from Lars Syll
To complete the reconciliation of Keynesian economics with general equilibrium theory, Paul Samuelson introduced the neoclassical synthesis in 1955 …
In this view of the world, high unemployment is a temporary phenomenon caused by the slow adjustment of money wages and money prices. In Samuelson’s vision, the economy is Keynesian in the short run, when some wages and prices are sticky. It is classical in the long run when all wages and prices have had time to adjust….
Although Samuelson’s neoclassical synthesis was tidy, it did not have much to do with the vision of the General Theory …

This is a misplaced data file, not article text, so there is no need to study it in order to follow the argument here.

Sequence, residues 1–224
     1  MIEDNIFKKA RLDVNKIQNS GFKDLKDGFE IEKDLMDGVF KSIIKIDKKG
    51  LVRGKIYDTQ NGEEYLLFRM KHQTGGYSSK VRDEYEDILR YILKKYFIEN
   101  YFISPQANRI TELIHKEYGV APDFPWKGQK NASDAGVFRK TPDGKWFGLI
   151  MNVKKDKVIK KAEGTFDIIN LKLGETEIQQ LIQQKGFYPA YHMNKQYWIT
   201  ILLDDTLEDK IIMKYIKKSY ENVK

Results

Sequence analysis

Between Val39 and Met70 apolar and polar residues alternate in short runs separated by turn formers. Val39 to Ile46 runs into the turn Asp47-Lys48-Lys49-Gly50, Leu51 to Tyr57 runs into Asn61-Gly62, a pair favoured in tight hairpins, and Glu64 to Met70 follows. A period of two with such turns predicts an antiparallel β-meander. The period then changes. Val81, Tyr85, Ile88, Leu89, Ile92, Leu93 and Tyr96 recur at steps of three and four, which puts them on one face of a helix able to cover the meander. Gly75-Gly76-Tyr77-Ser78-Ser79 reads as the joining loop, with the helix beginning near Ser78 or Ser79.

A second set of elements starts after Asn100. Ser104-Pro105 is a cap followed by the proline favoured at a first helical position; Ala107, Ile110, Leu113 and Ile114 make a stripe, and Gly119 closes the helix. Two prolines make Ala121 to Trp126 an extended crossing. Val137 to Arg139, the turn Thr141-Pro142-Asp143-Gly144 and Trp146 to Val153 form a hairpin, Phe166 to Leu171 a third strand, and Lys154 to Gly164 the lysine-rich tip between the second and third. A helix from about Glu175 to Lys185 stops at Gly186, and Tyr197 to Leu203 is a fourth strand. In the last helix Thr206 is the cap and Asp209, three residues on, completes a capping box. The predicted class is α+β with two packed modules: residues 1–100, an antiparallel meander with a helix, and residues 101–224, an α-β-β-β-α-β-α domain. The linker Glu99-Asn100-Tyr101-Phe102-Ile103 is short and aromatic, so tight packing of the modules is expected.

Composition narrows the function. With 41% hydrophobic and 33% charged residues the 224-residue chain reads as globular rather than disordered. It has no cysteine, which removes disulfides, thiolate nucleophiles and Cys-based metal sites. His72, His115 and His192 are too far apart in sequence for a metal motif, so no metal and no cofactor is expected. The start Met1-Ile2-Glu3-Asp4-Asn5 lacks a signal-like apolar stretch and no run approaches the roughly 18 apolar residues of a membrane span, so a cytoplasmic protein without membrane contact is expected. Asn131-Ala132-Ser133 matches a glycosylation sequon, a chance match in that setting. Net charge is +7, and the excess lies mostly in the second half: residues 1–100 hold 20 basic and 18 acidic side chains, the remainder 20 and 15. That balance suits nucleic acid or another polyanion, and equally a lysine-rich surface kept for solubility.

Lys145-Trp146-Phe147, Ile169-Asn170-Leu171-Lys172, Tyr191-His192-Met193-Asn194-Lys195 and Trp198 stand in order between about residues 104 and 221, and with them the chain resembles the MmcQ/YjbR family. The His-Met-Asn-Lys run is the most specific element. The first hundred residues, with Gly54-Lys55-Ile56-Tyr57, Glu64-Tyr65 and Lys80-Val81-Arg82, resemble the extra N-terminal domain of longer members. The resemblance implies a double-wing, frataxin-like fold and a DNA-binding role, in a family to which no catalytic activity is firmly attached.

In Keynes’ vision, there is no tendency for the economy to self-correct. Left to itself, a market economy may never recover from a depression and the unemployment rate may remain too high forever. In contrast, in Samuelson’s neoclassical synthesis, unemployment causes money wages and prices to fall. As the money wage and the money price fall, aggregate demand rises and full employment is restored, even if government takes no corrective action. By slipping wage and price adjustment into his theory, Samuelson reintroduced classical ideas by the back door—a sleight of hand that did not go unnoticed by Keynes’ contemporaries in Cambridge, England. Famously, Joan Robinson referred to Samuelson’s approach as ‘bastard Keynesianism.’